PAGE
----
Scott Derrickson, director of Dr. Strange, recently said that if he were given the task of making his own Star Wars story, he would make a horror film in the vein of The Thing set on Hoth. Something I think about a lot is this question of what genre Star Wars is, exactly, and whether or not that genre has to remain rigid across the varying stories told within the galaxy far, far away.
It’s an interesting question, and one that I think is the core of many fans’ disappointment with whichever cluster of Star Wars content they’re disappointed by, be that Prequels, Sequels, canon books, Legends books, or TV. I think that there is a broad disagreement on what genre Star Wars best fits into, the reason being that it borrows from such a variety of forms, tropes, ideas, and aesthetics, such that one fan may become attached to one particular flavor of Star Wars story so much that it can become difficult for them to embrace the idea that this tapestry is so much bigger than the square of its fabric that they find resonance in.
Star Wars is a rich narrative tapestry woven from the storytelling traditions and aesthetics of fairytale and myth, samurai/Western, action-adventure, epic romance, space opera, war, and science-fiction; infused with Eastern – particularly Buddhist – philosophy. How much or how little each of these genres and ideas impact the larger tapestry of Star Wars’ genre leaning is more or less up to the interpretation of the individual Star Wars fan.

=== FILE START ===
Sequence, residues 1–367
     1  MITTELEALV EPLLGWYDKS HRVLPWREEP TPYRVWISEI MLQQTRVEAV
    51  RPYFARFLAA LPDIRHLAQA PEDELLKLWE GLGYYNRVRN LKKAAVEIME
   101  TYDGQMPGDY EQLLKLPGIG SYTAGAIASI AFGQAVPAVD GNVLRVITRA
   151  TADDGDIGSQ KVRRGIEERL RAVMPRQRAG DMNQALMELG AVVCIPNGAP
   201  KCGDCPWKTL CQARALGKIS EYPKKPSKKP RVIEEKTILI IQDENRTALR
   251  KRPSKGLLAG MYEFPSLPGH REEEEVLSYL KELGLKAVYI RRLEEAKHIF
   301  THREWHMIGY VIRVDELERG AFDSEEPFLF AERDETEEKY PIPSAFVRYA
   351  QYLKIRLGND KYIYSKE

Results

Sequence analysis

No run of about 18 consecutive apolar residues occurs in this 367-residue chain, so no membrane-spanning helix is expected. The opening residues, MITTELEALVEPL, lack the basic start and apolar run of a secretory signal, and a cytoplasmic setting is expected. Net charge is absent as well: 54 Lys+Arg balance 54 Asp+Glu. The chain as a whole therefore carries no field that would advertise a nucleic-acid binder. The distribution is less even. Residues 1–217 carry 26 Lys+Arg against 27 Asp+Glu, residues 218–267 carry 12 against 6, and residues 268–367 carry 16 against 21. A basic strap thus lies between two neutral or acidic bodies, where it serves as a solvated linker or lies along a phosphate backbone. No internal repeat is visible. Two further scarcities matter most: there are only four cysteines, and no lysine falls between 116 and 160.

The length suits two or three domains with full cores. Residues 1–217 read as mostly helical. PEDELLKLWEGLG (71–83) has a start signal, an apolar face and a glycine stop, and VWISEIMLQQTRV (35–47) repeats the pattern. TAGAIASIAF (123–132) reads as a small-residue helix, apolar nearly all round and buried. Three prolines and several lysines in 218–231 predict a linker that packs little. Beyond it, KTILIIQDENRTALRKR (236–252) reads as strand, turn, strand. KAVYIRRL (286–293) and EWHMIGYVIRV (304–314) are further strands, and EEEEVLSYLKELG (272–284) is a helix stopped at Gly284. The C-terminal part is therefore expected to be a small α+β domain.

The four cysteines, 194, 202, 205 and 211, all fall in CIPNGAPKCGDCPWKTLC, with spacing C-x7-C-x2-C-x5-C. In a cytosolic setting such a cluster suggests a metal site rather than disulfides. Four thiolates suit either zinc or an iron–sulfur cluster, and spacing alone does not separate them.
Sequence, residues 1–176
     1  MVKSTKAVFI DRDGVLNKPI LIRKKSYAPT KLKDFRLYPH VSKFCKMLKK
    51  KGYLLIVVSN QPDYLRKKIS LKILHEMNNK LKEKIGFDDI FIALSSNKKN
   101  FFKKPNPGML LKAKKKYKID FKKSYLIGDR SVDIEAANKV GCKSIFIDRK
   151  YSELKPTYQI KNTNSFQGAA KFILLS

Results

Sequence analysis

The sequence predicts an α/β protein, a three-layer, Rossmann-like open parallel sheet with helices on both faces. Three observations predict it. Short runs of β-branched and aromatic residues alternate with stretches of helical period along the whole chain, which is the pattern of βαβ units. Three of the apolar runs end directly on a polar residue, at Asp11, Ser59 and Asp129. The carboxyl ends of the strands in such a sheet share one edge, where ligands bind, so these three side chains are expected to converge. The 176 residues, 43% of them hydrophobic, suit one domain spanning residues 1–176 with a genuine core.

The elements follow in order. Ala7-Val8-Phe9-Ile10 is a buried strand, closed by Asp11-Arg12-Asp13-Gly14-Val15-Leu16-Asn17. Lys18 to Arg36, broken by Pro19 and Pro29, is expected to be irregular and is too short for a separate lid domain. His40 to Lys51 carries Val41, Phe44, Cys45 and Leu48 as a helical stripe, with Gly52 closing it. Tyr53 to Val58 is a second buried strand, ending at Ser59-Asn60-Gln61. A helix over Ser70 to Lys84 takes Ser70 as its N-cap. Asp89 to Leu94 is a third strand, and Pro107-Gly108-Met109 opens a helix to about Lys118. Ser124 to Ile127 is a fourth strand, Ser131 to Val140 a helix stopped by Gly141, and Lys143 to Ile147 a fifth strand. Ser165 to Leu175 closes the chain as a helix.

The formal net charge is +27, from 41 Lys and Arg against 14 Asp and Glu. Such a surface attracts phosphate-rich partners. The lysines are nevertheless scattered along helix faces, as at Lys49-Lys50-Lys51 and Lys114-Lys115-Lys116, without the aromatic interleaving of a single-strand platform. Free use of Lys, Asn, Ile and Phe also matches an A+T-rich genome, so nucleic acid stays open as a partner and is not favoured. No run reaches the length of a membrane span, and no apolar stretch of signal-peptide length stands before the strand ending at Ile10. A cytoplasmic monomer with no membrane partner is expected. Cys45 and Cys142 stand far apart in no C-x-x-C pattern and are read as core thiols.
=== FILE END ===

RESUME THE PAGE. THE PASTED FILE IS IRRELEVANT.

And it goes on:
I could argue, for example, that Star Wars is not science-fiction, as science-fiction more often concerns itself with the morality of technology and man’s relationship with it; think Blade Runner’s treatment of androids, or, to use the classic, Frankenstein’s arguments against the bastardization of the natural world through the science of a mad professor. Yet, the technological servants in Star Wars – droids and clones – both technically fulfil this requirement. And though those moral quandaries are only rarely the forefront of a Star Wars story, the fact that the story engine opens itself to it does mean that it must be acknowledged as a component of the larger story. And these ideas about droid or clone servitude have served as parts of Star Wars stories before; L3 in Solo, clone plots in many episodes of The Clone Wars, and so on.